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Could abuse-deterrent pills help stop NJ’s heroin epidemic?


As the prescription painkiller and heroin abuse epidemic continues, New Jersey lawmakers are considering the idea of requiring insurance companies to cover the cost of abuse-deterrent opioid drugs.

Pharmaceutical lobbyists are pushing ADO’s as a piece of the puzzle, one way to reduce the epidemic. But not everyone is completely on board.

State Sen. Joseph Vitale, D-Middlesex, chairman of the Senate Health Committee, said abuse-deterrent opioids are a good start, but they’re not going to stop the opioid epidemic and he’s a bit hesitant to endorse their use wholeheartedly.

He explained the deterrent opioid pills are very difficult to crush or cook, which means they can’t be snorted or injected to gain a greater high.

“It’s really not for the average person who’s trying to manage their pain, it’s for the person who’s abusing the drug,” he said.

Vitale pointed out abuse-deterrent opioids will not stop people from turning to heroin, because it’s cheaper and easier to get.

“A pill on the street in the black market could cost upward of $20 to $25. A deck of heroin is $5, and that’s a hell of a lot cheaper than $20 a pop,” he said.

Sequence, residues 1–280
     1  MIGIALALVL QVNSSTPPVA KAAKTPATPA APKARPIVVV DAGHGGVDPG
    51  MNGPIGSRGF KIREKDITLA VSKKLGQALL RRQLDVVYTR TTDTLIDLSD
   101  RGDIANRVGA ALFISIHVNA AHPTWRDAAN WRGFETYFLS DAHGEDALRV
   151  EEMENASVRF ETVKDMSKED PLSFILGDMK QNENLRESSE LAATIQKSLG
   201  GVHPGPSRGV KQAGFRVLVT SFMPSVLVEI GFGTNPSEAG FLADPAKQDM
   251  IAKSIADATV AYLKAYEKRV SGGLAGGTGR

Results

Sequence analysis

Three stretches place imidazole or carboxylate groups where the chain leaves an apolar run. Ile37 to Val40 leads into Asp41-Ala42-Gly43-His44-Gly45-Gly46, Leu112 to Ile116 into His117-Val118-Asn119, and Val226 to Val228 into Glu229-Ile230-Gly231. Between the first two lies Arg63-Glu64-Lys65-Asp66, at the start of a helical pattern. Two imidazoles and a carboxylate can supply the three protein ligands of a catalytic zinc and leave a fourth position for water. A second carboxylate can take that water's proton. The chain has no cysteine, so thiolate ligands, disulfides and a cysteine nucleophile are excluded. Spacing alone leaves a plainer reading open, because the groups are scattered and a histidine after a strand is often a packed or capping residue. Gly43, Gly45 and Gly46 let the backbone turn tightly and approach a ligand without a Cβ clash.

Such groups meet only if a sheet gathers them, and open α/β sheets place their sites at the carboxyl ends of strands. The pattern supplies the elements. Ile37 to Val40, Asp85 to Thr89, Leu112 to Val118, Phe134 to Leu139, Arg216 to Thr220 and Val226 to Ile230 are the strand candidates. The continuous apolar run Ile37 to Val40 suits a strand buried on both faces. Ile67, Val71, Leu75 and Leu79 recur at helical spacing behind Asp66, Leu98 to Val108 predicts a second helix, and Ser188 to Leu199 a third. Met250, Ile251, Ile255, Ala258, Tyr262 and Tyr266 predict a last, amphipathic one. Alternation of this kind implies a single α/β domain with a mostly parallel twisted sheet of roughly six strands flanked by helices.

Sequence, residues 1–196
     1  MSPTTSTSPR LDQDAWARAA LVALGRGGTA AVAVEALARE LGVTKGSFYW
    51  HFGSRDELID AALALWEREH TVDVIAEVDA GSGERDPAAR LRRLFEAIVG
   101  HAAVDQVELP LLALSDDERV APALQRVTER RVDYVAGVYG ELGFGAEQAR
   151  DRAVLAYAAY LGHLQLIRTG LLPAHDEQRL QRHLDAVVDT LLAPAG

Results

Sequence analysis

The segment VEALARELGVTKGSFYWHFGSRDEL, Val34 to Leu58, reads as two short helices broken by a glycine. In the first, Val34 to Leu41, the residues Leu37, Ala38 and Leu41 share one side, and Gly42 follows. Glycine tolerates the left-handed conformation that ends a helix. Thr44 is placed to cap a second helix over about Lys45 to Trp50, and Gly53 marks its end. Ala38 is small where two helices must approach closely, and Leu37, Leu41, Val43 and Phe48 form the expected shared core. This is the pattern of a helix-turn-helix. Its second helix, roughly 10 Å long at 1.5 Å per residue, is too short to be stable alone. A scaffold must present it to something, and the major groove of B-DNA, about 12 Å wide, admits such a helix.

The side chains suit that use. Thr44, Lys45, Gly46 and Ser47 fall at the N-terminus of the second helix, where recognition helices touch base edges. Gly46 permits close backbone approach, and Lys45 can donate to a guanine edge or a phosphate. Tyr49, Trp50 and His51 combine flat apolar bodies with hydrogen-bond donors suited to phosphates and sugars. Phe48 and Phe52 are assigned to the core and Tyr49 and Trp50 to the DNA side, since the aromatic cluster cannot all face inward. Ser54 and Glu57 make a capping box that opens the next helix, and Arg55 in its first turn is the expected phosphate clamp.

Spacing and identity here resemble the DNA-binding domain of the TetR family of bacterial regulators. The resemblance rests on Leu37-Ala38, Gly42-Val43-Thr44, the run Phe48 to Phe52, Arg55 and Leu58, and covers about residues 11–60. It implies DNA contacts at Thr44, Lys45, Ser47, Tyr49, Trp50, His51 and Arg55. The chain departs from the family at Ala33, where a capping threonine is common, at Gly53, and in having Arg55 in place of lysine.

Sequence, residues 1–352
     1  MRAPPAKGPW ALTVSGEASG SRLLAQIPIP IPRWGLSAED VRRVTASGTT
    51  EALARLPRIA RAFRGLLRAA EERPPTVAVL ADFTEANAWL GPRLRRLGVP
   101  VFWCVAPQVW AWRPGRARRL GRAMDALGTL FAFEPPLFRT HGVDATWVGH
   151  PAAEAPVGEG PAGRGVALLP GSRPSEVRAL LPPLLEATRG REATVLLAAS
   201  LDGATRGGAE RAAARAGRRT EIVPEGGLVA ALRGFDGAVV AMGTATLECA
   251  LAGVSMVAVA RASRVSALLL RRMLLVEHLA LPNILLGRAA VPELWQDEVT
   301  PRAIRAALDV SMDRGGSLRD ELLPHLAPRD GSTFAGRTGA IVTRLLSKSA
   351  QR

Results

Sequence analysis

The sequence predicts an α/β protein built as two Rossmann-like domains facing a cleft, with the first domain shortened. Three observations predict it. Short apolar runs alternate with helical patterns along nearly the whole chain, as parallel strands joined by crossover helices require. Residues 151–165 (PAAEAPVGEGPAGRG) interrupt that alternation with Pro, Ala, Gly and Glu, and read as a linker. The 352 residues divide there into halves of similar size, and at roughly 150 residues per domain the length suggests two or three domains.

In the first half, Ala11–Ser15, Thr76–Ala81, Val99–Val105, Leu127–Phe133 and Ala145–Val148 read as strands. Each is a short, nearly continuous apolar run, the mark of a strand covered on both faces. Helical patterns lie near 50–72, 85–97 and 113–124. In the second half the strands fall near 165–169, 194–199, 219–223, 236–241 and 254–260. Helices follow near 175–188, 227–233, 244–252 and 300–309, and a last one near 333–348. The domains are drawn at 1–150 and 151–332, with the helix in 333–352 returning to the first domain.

Another problem is cost.

“They are a little expensive, certainly more expensive than the average painkiller that’s prescribed by a doctor,” he said.

“We all want to solve this problem, but I’m not so sure the abuse deterrent pills are quite there yet. I just don’t want to raise this false sense of security that abuse deterrent is abuse-proof because they’re not.”

Dr. Deni Carise, the chief clinical officer with the Recovery Centers of America, agrees abuse-deterrent opioids can be helpful in some ways, but they’re not going to solve the opioid problem.

“The number one way that people abuse opioids is to take more than prescribed, so no different kind of formulation is going to stop you from taking more than is prescribed,” she said.

Carise pointed out the positive aspect of abuse deterrent opioids is the pill container is almost crush proof so they’re harder to open and misuse, but “they’re still opioids, they still are an addictive medication.”

Legislation that would require state-regulated health plans to cover ADO’s was pocket vetoed by Gov. Chris Christie more than a year ago because of concerns about cost.

A similar measure has been approved by an Assembly committee but has not yet been considered by the Senate Health Committee.

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